Portland State University study looks at mayoral elections across U.S.

PORTLAND STATE UNIVERSITY - Phil KeislingWho cares who’s mayor?

It would appear Portland does, at least compared to 49 other cities and communities in the United States, where many recent mayoral elections yielded “abysmally low” turnout, according to a new study called Who Votes for Mayor, released by Portland State University on Thursday.

How low is low? While Portland saw a turnout of 59.4 percent in its most recent election, 2012 — between Mayor Charlie Hales and Jefferson Smith — some of America’s largest cities saw a turnout of less than 15 percent in their local races. In Las Vegas, Fort Worth and Dallas, Texas, voter turnout percentage was in the single digits, the study says.

Thirty of the largest cities selected for the study were based on the U.S. Census Bureau’s 2014 population estimates, and 20 additional communities which participate in the Knight Foundation’s Community Foundations Program were added to total 50 cities studied. The Knight Foundation helped fund the project, which saw its start after former Oregon Secretary of State Phillip Keisling wrote an article for Governing Magazine in 2013 called “The Wrong Ways to Elect America’s Mayors.”

Keisling now works as director of the Center for Public Service of the Mark O. Hatfield School at Portland State University. In the article, he makes the case that holding partisan mayoral elections, coupled with voting in odd-numbered years, ensures low voter turnout and voter disenfranchisement. A friend who read the article encouraged Keisling to write to the Knight Foundation, who then funded a pilot study testing the methodology of downloading voter files and geocoding the data on a map. It analyzed four cities and was released in 2015. After seeing the results, Knight Foundation funded a deeper study.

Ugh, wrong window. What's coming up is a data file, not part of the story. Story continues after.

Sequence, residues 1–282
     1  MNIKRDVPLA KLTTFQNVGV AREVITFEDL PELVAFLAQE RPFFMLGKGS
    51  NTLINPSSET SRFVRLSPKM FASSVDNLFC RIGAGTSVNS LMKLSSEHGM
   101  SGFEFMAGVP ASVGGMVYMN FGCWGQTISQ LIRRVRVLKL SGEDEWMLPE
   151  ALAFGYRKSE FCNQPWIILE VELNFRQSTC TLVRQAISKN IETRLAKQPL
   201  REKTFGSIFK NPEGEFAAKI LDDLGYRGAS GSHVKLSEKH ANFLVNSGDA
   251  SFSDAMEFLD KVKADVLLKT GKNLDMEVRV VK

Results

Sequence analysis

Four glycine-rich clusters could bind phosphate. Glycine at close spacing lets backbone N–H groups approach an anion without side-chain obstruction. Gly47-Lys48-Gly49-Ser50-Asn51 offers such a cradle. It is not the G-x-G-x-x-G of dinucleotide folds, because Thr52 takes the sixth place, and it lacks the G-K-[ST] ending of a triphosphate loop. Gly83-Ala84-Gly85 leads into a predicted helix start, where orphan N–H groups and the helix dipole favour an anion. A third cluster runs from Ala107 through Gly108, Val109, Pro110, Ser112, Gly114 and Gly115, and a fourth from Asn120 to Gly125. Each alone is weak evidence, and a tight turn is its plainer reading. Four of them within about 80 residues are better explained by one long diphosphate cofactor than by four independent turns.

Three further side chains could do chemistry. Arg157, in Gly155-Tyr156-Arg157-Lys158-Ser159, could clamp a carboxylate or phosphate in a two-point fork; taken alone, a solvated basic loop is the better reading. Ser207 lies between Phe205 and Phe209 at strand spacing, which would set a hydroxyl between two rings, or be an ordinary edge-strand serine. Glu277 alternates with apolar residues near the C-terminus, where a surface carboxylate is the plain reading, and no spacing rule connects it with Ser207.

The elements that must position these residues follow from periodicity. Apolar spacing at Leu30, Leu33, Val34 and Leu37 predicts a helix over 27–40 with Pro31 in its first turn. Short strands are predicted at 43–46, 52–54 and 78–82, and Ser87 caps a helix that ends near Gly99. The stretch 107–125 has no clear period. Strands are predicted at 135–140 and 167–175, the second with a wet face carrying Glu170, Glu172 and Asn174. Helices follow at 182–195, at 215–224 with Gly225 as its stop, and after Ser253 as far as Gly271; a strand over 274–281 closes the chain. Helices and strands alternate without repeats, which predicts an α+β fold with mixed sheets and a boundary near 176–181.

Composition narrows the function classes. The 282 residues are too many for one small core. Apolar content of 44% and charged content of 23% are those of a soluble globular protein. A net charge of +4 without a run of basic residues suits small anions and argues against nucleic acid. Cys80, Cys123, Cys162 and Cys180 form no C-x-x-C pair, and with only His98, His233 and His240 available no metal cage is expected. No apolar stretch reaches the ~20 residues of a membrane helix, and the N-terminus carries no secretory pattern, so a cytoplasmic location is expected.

The 50-city study looked at each place’s most recent mayoral election, which included elections spanning between 2011 and 2015.

That produced more than 23 million voting records for researchers to sift through. Though, Keisling says with that big of a number, “I’m certain there’s mistakes.”


One aspect of the study that really shocked researchers involved age.

“To me the most interesting thing was the difference between median age of people who vote and people who could vote,” Keisling says.

The median age of of people casting the ballots in local elections nationwide: 57.

“When the median age is 57 years old, it’s telling you that people in their 20s and 30s … as much as people in that generation are transforming lives, they are essentially ceding the decision making to their grandparents,” says Keisling.

In Portland, the median age at which folks are voting is lower, at 46. But residents 65 and older are still three times more likely to cast a vote than younger voters. Still, this trumps disparities in other cities analyzed, were older residents were, in some cases, 25 times more likely than younger voters to cast a vote.

Another takeaway from the study included disparities in voter turnout from neighborhood to neighborhood within the same city. The study calls these voting “oases” and “deserts.”

Southeast Portland lags behind the rest of the city in terms of turnout, and Lents is the neighborhood that Jason Jurjevich, assistant director of the Population Research Center at Portland State University, pointed to as an example where turnout was closer to 40 percent for the 2012 mayoral race.